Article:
“A boy at school today told me that I wasn’t going to go to heaven because I don’t believe in Jesus.” We were lying down last night, just before she drifted off to sleep, when my nine year old rolled over and told me that. I was… stumped. I had no idea how to respond. I grew up Catholic, in a completely homogeneous environment. That wasn’t a schoolyard taunt that I had ever heard before. I didn’t have any childhood experience to look back on, any quick responses that she could fire off to respond. So I paused, perhaps for too long, and then realized what she was saying. I reassured her that it wasn’t true. God doesn’t care what you believe, he cares that you are a good person. But then I was stuck.
Because I didn’t know what to say to her. We’re Jewish, we don’t believe that Jesus is the son of God. Should I tell her that the kid is just wrong, that nobody has a monopoly on deciding what happens after you die. Do I tell her that he’s a jerk for saying that, when he’s just echoing what he’s being taught? That’s a tenet of that faith, I believe. You kind of have to believe in it in order to get to heaven. So, in his mind, he’s not wrong, he’s perhaps legitimately concerned that my girl is doomed to never get into heaven because she’s Jewish. How do I explain in such a way to make her understand, and not make her feel victimized and angry? Because that was Marc’s first reaction. His suggestion of what she could have said would not have gone over well at school, and I don’t think Jessie would actually kick the kid and swear at him, which was what he was recommending. Sam suggested that she call him an evil, gutless rat (but I think he just liked saying “evil gutless rat”) – which had the advantage of being not being classic obscenities but still… not quite the response I was going for.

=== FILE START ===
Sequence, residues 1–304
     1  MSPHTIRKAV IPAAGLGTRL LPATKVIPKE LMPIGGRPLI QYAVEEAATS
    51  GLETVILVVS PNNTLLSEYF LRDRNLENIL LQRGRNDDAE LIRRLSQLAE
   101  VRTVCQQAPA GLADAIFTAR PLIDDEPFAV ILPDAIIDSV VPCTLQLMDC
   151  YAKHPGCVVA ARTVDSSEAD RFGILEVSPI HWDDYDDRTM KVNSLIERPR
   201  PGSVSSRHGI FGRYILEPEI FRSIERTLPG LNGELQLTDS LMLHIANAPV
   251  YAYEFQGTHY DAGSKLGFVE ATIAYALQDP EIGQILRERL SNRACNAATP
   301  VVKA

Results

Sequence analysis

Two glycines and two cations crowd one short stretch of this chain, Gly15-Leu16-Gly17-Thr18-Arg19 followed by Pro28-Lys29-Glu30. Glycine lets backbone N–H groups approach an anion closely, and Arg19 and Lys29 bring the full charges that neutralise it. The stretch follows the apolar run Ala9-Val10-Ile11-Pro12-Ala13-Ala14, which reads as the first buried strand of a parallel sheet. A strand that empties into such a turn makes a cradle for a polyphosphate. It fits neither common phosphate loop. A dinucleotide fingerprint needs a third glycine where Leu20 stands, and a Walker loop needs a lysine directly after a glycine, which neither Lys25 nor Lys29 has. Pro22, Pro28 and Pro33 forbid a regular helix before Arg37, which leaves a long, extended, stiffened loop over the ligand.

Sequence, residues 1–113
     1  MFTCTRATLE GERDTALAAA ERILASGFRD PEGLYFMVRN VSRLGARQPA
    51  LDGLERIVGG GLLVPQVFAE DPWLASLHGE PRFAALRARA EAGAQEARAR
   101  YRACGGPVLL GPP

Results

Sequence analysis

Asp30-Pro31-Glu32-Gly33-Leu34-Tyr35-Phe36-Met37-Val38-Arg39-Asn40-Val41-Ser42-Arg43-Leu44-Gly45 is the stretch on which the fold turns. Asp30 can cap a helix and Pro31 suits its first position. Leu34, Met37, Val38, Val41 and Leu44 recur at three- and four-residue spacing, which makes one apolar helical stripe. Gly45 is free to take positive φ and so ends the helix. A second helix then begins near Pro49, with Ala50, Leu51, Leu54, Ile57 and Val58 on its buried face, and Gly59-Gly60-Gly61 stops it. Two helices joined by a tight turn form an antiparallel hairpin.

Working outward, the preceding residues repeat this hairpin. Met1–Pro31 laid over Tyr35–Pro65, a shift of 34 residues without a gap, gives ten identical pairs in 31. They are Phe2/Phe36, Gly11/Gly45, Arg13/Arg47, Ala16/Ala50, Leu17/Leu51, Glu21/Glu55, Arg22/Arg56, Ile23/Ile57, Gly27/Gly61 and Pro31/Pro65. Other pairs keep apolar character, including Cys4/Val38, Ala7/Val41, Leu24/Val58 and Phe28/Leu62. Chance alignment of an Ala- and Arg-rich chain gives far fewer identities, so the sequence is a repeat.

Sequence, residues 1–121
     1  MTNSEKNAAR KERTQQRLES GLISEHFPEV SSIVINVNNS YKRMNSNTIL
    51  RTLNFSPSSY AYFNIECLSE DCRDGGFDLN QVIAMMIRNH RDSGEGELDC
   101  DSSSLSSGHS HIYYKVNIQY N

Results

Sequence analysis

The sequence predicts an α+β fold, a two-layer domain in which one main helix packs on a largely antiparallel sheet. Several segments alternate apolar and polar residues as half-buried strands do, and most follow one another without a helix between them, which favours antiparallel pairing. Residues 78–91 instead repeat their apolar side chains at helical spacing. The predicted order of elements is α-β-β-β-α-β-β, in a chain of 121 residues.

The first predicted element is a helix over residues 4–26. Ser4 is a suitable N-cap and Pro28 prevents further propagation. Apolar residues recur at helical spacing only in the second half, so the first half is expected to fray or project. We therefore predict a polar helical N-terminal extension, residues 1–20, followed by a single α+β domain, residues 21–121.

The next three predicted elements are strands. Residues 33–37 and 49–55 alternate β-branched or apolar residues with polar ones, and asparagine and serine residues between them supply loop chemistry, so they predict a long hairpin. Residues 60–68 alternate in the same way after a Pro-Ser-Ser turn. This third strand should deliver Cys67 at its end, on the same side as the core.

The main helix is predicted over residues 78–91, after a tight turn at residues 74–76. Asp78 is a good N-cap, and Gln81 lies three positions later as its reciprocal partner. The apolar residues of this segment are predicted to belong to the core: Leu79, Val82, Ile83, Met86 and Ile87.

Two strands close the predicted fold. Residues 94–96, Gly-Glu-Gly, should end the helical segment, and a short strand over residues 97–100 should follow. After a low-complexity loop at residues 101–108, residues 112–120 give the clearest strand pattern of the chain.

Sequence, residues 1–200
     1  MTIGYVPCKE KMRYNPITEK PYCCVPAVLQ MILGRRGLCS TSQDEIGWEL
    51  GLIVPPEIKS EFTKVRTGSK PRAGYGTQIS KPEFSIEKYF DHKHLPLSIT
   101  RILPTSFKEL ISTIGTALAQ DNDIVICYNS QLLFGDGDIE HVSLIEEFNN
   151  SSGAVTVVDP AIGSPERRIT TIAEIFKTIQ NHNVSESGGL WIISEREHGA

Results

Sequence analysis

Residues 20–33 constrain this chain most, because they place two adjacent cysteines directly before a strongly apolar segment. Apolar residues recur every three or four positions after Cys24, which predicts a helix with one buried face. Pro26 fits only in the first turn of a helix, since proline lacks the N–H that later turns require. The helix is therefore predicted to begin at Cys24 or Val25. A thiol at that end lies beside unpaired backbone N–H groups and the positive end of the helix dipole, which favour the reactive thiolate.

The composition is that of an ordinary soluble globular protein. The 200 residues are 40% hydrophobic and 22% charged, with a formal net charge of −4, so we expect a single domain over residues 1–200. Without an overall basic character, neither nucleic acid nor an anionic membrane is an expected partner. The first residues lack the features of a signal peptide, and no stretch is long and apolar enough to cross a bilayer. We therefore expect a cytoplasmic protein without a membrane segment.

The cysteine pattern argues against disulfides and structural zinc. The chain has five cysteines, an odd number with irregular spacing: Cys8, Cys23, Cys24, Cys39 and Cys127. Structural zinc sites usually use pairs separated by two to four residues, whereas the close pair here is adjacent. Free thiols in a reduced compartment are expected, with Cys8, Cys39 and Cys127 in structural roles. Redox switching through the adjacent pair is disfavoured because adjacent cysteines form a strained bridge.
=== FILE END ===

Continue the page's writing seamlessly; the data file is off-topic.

In the end, I told her that if it came up again, she could just quietly respond that he was entitled to his own religious beliefs and so was she. And to please respect her beliefs and not say things like that to her. I think, in some ways, she’s more prepared to handle religious differences than other kids her age, precisely because of her background. While having a mother who didn’t grow up as Jewish may mean that I don’t call her by Yiddish endearments, don’t ever voluntarily feed her lox and cream cheese on her bagels, and stumble over the songs at the Tot Shabbat services, it also means that she has a really clear idea that different people believe different things, and that’s perfectly okay. She knows that her Grammy and Aunties and cousins on my side are just as good, just as likely to get into heaven, as she is. There are no bonus points for being Jewish or Christian or not belonging to any particular religion. Simply that different people believe different things, follow different traditions, and that’s okay. She doesn’t have to believe in Jesus, and believing in Jesus doesn’t make the little boy on the playground inherently different or better or worse than her.